Where would we be without political satire?

Gabriel Rosenstock introduces and translates another poem from the Indian subcontinent

Where would we be without political satire? Writing in Rajasthani, which has a literature stretching back 1,500 years or more, the author Rangrelo Bithu flourished in the sixteenth century. He enjoyed making fun of his king, Rawal Har of Jaisalmer, almost as much as the king enjoyed throwing the poet into prison.

Molaimis go hard na spéire Críocha Dhat

Rangrelo Bithu

Molaimis go hard na spéire Críocha Dhat
Is garbh iad na cnoic ísle, donnrua agus lom
Ní fhásann faic orthu ach cachtas cranda na ndealg.
Scréach péacóige ní chloisfeá
Ó cheann ceann na tíre.
Ní bhuailfeá go deo ann ach le hiéana,
Torcán nó laghairt mhonatóra.
Tá an pobal stiúgtha;
Cuireann an t-ocras i measc na ngort iad
Sa tóir ar an bhféar deilgneach:
Chonac féin iad agus na síolta á n-ithe acu.
Muintir Jadav cuir i gcás in Jaisalmer.

Comáineann an tseanbhanríon a cuid asal
Go dtí lochán i gcéin, ag triall ar uisce;
Téann ann ina haonar,
Suaitheann sí an t-uisce
Lena lámha
Chun an dromchla a ghlanadh
Den salachar go léir ar snámh ann.
Líonann a cuid potaí;
Lódálann ar na frámaí adhmaid ansin iad
A iompraíonn na hasail ar a ndroim
Is abhaile leo
Go spadánta,
Iad caite amach ar fad.

Is plobaire ceart é príomh-bhard an rí;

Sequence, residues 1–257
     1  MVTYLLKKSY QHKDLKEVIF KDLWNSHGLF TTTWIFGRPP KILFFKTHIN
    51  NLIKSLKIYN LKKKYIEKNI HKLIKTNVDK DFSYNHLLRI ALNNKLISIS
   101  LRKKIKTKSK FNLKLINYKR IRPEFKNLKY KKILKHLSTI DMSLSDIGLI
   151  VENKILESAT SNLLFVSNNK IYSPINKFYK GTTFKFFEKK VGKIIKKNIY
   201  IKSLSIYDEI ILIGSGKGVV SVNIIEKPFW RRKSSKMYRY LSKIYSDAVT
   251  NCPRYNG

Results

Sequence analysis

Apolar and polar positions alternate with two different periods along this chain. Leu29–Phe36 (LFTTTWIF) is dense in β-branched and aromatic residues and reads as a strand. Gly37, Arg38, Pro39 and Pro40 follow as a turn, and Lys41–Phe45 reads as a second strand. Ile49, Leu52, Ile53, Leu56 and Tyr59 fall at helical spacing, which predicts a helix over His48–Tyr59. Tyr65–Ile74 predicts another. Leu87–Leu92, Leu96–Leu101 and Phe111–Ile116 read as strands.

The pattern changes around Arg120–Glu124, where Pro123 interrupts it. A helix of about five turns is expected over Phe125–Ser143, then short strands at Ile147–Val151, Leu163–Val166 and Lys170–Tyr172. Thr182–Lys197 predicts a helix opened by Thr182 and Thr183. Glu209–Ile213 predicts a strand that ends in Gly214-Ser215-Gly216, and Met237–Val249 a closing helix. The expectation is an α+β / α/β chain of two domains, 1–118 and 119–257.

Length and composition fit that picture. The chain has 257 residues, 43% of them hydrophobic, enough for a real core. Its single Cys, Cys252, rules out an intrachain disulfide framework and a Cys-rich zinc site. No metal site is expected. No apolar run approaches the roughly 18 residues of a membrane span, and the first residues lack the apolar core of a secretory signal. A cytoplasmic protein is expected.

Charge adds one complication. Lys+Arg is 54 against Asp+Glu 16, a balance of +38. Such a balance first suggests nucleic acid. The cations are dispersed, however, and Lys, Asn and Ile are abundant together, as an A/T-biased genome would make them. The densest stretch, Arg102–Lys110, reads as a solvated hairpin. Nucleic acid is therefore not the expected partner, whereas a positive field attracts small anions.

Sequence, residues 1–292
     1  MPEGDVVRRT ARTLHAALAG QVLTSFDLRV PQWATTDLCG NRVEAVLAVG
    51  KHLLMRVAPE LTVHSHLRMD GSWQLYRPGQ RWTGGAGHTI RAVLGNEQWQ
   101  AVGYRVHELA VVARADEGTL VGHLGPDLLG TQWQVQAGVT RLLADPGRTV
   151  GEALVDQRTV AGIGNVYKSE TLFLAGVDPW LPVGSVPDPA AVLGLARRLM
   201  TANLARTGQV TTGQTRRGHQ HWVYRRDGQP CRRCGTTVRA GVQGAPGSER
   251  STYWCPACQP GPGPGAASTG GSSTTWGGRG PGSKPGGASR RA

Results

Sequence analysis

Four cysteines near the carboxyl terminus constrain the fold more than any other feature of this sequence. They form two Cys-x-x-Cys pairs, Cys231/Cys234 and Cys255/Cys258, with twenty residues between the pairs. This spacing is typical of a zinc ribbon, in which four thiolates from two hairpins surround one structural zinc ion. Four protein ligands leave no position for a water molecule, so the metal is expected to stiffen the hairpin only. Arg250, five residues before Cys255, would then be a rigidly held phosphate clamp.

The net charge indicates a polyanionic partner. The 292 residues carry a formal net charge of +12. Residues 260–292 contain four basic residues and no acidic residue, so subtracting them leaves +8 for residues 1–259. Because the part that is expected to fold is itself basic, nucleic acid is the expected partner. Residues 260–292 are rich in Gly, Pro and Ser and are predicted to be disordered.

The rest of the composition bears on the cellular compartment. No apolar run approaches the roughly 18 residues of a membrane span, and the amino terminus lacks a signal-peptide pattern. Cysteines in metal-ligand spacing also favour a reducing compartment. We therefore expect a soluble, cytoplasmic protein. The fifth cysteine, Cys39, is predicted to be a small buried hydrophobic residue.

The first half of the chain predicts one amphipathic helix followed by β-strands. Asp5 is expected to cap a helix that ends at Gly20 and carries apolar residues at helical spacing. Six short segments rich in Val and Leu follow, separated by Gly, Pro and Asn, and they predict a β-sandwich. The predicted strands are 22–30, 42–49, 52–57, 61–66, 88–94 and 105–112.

Caitheann sé a éadach íochtarach
Ar bhealach scaoilte míchuibhiúil;
Is bacach é, an dá chos gan mhaith;
Chloisfeá ag geonaíl é i mbun coisíochta.
Ídithe atá an cairpéad ar a suíonn cúirt Rawal
Agus poill mhóra ann;
Is dúr iad na filí atá aige
Agus ní aithneoidís
Buabhall ó eilifint,
Olann gharbh
Ó shíoda.

Sin iad críocha Dhat anois duit!
Moladh go deo le críocha Dhat!

Gabhann na mná gnaíúla go léir
Ag triall ar uisce an chéad rud ar maidin;
Bíonn sé ina mheán oíche faoin am a dtagann siad abhaile,
Iad in aimhréidh agus trína chéile;
A gcuid páistí—gioblacháin—
Ag caoineadh an lá ar fad.
Sin anois iad críocha Dhat duit.
Molaimis go hard na spéire Críocha Dhat.

Praise galore to the Land of Dhat
The low hills are stony, russet and bare,
with no trees on them save the stunted thorny cactus.
You wouldn’t hear the call of a peacock
in all the land.
Hyenas, porcupines and monitor lizards
are the only creatures that you’ come across.
The people are starved;
hunger drives them afield
in search of the prickly grass
whose seeds I have seen them eat.
Such as the Jadavs of Jaisalmer.

The senior queen drives her donkeys
to a distant pond to fetch her water;
alone she must go,
and bestirring with her hands
the water
to clear its surface
of the floating dirt and debris,
fill her pots;
and load them onto the wooden frames
on the donkey’s backs
and drive them home,
trudging all the way,
tired and exhausted.

The king’s chief bard is pot-bellied;
he wears his lower garment
in a loose unseemly manner;
he is lame in both his legs;
and groans at every step he walks.
The carpet on which the Rawal’s court assembles
is worn, with large holes in it;
his poets are all stupid
and cannot distinguish between
a buffalo and an elephant;
to them coarse wool
and silk are just the same.

Such is the land of Dhat!
Praises be to the land of Dhat!

The comely women all go
to fetch water at dawn;
they return past midnight
dishevelled and distraught;
their dishevelled children
pine for them all day.
Such, indeed, is the land of Dhat!
Praises galore to the land of Dhat!